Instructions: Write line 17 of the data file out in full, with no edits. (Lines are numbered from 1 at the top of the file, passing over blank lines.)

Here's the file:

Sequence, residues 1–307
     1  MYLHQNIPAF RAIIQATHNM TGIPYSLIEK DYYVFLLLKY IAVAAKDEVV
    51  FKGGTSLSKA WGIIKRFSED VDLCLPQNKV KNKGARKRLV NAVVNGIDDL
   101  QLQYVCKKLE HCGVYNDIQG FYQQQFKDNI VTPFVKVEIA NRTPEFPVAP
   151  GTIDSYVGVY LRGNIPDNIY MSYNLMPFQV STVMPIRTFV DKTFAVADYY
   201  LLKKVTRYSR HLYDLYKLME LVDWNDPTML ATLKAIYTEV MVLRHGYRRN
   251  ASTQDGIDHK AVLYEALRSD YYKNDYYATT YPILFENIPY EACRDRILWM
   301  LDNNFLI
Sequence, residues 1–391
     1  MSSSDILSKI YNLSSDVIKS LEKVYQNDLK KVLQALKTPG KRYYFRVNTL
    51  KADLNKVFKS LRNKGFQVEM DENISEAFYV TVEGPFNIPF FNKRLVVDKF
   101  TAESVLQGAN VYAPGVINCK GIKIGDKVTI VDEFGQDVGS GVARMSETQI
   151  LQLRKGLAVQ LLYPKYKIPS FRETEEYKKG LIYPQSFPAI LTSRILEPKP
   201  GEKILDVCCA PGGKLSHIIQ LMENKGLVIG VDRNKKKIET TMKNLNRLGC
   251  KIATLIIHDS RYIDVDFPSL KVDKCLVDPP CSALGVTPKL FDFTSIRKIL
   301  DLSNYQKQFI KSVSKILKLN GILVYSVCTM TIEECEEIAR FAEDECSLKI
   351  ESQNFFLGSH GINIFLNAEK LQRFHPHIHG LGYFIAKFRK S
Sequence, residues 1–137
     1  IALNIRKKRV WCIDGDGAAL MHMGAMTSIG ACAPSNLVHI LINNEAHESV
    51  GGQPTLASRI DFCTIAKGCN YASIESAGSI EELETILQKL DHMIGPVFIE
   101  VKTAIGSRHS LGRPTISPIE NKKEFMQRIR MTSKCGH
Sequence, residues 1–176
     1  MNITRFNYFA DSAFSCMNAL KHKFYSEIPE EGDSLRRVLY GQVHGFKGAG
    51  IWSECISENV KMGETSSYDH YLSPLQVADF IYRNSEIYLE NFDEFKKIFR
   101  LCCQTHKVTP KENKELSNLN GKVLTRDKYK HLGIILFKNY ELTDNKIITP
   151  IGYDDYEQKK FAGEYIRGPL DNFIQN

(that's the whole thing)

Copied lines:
   351  ESQNFFLGSH GINIFLNAEK LQRFHPHIHG LGYFIAKFRK S